Depending on air currents and temperature, the rotating vortex from which an ordinary tornado forms can suck up fire and anything burning, resulting in the phenomena you can see in these pictures.
In 1923, a fire tornado sucked up not only fire and burning embers, but also killed 38,000 people within 15 minutes.
Lightning can often be the source of the fire after it strikes something flammable like a pool of gasoline or oil storage tanks. With the right wind speeds, the fire may soon become part of a tornadic vortex that can burn or level anything in its path.
These dangerous fire tornadoes, or fire whirls, as they are sometimes called, have the power to uproot trees 49 feet tall – the equivalent in height of a five-story building. Fire tornadoes tend to be 10 to 15 meters tall and a few feet wide, though they may last only a few minutes, according to this source.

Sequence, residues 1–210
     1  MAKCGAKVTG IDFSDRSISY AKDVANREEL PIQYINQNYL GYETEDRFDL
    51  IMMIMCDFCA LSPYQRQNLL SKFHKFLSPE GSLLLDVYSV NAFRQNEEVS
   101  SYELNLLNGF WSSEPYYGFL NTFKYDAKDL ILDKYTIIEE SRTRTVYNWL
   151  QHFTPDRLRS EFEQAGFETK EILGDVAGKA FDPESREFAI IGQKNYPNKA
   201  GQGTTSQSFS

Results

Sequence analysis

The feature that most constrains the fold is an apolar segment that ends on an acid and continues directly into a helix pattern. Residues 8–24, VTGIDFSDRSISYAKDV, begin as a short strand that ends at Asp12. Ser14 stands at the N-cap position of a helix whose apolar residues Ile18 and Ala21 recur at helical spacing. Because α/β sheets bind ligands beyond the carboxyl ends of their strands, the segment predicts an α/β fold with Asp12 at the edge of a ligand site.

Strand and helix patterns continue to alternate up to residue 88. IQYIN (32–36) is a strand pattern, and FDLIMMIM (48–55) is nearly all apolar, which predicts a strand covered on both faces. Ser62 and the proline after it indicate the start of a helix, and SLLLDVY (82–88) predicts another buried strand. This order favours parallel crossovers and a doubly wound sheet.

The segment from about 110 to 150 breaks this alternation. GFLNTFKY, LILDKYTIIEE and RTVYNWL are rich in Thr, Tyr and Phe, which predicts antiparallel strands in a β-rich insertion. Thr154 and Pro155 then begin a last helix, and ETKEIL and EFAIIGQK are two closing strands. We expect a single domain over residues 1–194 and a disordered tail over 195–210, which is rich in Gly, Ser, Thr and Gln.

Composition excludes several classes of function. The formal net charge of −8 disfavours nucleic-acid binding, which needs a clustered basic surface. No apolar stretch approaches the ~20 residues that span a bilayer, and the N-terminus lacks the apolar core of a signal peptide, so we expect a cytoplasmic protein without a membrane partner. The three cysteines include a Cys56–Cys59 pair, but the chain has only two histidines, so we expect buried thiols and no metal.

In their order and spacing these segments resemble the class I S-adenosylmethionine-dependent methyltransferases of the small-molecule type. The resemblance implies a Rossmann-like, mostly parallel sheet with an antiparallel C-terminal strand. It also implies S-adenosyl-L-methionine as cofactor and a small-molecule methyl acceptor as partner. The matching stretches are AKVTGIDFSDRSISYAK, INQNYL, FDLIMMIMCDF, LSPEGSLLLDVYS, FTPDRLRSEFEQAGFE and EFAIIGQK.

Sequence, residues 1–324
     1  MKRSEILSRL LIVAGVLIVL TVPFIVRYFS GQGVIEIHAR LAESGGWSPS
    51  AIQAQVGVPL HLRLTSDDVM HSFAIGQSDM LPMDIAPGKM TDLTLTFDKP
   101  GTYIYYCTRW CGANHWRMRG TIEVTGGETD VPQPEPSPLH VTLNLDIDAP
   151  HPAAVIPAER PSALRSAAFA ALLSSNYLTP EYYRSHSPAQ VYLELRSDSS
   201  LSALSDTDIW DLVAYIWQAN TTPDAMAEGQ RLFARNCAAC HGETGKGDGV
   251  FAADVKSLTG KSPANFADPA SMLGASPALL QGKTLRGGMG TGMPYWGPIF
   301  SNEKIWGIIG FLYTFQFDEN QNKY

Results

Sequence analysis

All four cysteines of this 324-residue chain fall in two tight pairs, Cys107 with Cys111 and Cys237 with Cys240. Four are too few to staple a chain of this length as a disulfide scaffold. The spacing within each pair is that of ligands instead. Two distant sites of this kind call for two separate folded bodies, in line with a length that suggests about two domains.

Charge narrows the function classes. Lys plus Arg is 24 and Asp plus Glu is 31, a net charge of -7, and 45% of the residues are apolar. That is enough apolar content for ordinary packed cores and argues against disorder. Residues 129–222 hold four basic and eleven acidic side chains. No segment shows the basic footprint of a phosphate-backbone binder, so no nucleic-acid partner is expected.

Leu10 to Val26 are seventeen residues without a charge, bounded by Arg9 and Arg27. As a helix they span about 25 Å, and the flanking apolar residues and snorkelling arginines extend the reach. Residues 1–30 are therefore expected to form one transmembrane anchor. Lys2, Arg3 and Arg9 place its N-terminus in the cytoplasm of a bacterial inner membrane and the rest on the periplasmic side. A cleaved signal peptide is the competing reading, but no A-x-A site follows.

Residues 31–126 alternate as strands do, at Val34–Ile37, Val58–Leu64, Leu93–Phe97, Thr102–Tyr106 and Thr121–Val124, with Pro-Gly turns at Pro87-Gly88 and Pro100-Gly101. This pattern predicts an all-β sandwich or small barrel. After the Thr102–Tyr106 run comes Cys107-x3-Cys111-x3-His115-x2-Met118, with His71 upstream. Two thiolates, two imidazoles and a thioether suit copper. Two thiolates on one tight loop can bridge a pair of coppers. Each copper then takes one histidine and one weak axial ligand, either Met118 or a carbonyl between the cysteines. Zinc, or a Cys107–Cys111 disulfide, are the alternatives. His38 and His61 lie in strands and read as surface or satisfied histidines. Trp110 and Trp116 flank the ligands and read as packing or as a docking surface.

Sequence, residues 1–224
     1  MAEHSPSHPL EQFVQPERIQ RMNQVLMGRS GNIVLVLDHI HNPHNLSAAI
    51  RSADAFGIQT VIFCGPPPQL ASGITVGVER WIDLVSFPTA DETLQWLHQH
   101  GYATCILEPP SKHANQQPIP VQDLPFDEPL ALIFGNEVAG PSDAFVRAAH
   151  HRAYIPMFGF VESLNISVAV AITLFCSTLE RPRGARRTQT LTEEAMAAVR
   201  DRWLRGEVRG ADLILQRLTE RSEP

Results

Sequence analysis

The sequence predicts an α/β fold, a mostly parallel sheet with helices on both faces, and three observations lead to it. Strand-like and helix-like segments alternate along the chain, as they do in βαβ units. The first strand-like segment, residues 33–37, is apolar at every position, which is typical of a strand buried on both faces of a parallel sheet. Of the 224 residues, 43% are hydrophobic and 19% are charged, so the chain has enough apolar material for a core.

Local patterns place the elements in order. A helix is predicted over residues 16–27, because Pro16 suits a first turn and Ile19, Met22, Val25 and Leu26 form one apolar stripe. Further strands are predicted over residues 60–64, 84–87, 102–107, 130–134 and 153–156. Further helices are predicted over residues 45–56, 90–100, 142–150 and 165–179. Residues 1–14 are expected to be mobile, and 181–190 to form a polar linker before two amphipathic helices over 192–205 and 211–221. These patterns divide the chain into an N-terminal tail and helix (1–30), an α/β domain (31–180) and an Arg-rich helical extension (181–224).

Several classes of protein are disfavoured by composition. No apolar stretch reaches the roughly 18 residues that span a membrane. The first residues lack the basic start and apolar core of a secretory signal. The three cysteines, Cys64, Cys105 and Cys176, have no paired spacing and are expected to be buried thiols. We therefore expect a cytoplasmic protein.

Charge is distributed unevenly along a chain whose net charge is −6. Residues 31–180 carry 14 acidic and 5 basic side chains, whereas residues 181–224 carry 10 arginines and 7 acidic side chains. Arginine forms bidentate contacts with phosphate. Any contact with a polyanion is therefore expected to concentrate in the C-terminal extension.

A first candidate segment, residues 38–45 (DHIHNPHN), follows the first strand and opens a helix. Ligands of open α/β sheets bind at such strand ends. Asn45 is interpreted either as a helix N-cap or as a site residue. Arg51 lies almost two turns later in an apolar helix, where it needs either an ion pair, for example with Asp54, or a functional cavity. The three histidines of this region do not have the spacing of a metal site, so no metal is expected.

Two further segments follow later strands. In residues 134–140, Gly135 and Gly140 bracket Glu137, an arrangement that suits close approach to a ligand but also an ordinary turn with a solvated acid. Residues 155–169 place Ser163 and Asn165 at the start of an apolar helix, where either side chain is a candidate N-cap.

The core of the fire tornado is an invisible pocket of oxygen that feeds the eddie. At the core, there may be temperatures of at least 2,000 degrees Farenheit. Wildfires are usually the spark that allow these types of tornado to form.